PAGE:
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Chapter 2, Section 2 ECOSYSTEMS. II. Ecosystems Even in harsh polar regions and arid deserts, plants and animals grow in response to their environment.

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Presentation on theme: "Chapter 2, Section 2 ECOSYSTEMS. II. Ecosystems Even in harsh polar regions and arid deserts, plants and animals grow in response to their environment."— Presentation transcript:

1 Chapter 2, Section 2 ECOSYSTEMS

2 II. Ecosystems Even in harsh polar regions and arid deserts, plants and animals grow in response to their environment.

3 A. Ecosystems i.Groups of plants and animals tend to be interdependent. 1. Shade 2. Support 3. Nourishment ii. An ecosystem is formed by the interaction of plant life, animal life, and the physical environment in which they live.

4 iii. Various physical conditions affect the survival and growth of life in an ecosystem. These factors include: 1. Climate 2. Sunlight 3. Temperature 4. Precipitation 5. Elevation 6. Soil 7. Landforms iv.Environments with similar conditions tend to support similar communities of plants and animals.

5 Environmental Change EX. In a forest, the loss of oak trees will endanger squirrels and other animals that rely on acorns for food. As populations grow, ecosystems change dramatically. – Grasslands become farmland. – Loss of habitat leads to severe decline in animal and plant populations. – Some species do thrive because of human changes.

6 Biomes Geographers classify ecosystems by their natural plant and animal life. Biome is used to describe major types of ecosystems found in various regions of world. – Ex. DECIDUOUS forest  Likely to have moderate climate conditions, oak or maple trees and animals such as deer, squirrels, cardinals and owls.

7 B. Forest Regions i.Forest vegetation grows on every continent except Antarctica. a. Three most common Forest Regions are: 1. Tropical Rain Forests 2. Mid-Latitude Forests 3. Coniferous Forests  However others do exist…

8 Tropical Rain Forests Exist in areas near the equator. Large amounts of rain fall. Largest are in the Amazon and Congo River basins. Tall trees form dense canopy of leaves that blocks much of the sun from the forest floor. Varying conditions in layers lead to different types of plants and animals. Cover only 6% of the earth but contain more than half of the earth’s plants and animal species.

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10 Mid-Latitude Forest Trees are deciduous, they shed their leaves during one season, usually autumn. Looks vary by season, stark and bare in the winter and lush and green in the summer. Deciduous forests once covered much of Europe, eastern N. America and Eastern Asia. Lands in the middle latitudes have a temperate climate with adequate rainfall, warm summers, and cool or cold winters.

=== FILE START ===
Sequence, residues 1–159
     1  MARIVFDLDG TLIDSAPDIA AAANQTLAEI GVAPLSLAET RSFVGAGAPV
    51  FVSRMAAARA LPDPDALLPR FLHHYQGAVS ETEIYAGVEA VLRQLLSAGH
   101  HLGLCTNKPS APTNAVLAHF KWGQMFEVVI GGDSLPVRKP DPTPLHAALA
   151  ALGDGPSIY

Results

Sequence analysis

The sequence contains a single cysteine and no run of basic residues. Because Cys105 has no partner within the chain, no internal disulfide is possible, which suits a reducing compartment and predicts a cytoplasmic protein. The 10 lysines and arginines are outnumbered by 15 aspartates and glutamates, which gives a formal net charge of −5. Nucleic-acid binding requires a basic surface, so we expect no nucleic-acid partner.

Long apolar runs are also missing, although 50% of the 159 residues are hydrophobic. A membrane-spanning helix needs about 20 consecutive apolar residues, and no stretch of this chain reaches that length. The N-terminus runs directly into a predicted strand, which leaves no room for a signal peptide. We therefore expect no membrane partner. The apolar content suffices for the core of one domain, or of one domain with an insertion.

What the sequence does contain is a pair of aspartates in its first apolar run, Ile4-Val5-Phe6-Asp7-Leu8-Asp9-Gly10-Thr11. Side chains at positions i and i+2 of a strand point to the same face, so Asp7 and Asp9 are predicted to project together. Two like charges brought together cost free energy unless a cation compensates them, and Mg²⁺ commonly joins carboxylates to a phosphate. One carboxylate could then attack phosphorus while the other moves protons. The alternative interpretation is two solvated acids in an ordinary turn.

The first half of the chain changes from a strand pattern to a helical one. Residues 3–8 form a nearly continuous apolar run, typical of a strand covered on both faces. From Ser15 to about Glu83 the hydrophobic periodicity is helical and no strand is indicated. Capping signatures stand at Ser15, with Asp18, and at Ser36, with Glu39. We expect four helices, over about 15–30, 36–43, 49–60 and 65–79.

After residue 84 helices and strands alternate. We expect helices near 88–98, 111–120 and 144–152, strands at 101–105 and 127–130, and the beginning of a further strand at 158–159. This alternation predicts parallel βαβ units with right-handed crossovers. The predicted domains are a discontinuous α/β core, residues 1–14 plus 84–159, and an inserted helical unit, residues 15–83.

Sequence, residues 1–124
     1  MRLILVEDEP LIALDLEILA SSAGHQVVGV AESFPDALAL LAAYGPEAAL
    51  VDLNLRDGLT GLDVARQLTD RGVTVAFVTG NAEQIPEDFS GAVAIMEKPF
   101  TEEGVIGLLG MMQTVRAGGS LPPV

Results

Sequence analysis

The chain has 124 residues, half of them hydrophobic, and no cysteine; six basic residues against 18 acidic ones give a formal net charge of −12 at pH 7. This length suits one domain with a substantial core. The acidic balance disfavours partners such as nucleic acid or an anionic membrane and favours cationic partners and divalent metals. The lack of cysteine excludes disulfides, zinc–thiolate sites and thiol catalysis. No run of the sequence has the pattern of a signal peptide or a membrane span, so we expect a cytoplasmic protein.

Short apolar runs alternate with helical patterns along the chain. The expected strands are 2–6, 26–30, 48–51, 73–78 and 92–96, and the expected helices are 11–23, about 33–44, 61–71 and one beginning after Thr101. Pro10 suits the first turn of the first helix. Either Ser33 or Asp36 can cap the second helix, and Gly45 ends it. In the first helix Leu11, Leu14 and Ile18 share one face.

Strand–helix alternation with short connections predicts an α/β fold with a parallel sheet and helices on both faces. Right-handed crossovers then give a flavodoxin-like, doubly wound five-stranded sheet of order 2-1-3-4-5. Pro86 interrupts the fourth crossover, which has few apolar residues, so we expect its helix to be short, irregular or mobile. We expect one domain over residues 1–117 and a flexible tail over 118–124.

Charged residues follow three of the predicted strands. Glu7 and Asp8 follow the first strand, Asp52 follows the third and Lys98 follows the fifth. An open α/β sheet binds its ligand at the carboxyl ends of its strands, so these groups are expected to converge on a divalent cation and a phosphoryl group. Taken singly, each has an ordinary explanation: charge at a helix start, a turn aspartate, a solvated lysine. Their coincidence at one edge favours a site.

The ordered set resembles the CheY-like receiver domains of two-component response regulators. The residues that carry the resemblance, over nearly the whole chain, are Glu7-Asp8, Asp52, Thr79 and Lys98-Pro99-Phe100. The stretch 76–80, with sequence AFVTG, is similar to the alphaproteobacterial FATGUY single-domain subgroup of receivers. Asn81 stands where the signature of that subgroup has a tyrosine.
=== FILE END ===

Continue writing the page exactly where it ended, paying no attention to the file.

11 Coniferous Forest Consists of Pines, spruces, firs. These trees can survive long, cold winters. Trees have needles instead of leaves. Name comes from cones that protect their seeds. Bears and deer live here but smaller animals have adapted to the harsh conditions.

12 Other Forest Types Mixed Regions – forest regions overlap. Coniferous and deciduous grow together in same areas. Common in Northern U.S. Chaparral – includes small evergreen trees and low brushes. Adapted to Mediterranean climate. = Most precipitation falls during winter and summers are hot and dry.

13 C. Grasslands Central regions of several continents are covered by grasslands. Grasslands and forests often mix. Characteristics of grasslands vary depending on their latitudes. – 2 types of Grasslands 1.Tropical Grasslands 2.Temperate Grasslands

14 Tropical Grasslands Tropical grasslands AKA savannas grow in warm lands near the Equator. Scattered trees and plants. Animals: Herbivores – Gazelles and Zebras Carnivores – Lions and Hyenas Three Seasons: – Wet – Dry – Time of naturally occurring wildfires.

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16 Temperate Grasslands Prairies – Temperate grasslands of N. America. – More rain = taller grass. – Prairies are now a rare site… Much of grassland region was plowed under to provide fertile farmland.

17 Temperate Grassland Continued… Steppes – Cool, dry, temperate grasslands of Northern Eurasia and Central Asia similar to Great Plains. – Steppe = comes from Russian word for treeless plain.

18 D. Deserts Desert regions are not just barren expanses of sand. Many plants and animals adapt to survive with almost no water. – Ex. Cactus Plants = store water. – Saguaro cactus expands like a sponge to absorb water. – Cactus leaves are prickly needles for protection.

19 Deserts continued… Like plants, animals in the desert are adapted to extreme temperatures and scarcity of water. – Many do not need to drink at all. – Get moisture from seeds, plants or animals they eat. – Camels can survive for days without food or water by drawing on the fat stored in their humps.

20 E. Tundras  Alpine Tundra  Exist in high mountains.  No trees grow at these high elevations.  Small plants and wildflowers grow in sheltered spots.  Tiny, brightly colored plants called lichens make patterns on the rocks.

21 Tundra continued… Arctic Tundra – Cold temps. and short growing seasons. – No sunlight for most of winter. – Treeless, covered with grasses, mosses, lichens and some flowering plants. – Parts of the tundra, a layer of soil just below the surface (Permafrost) stays permanently frozen.


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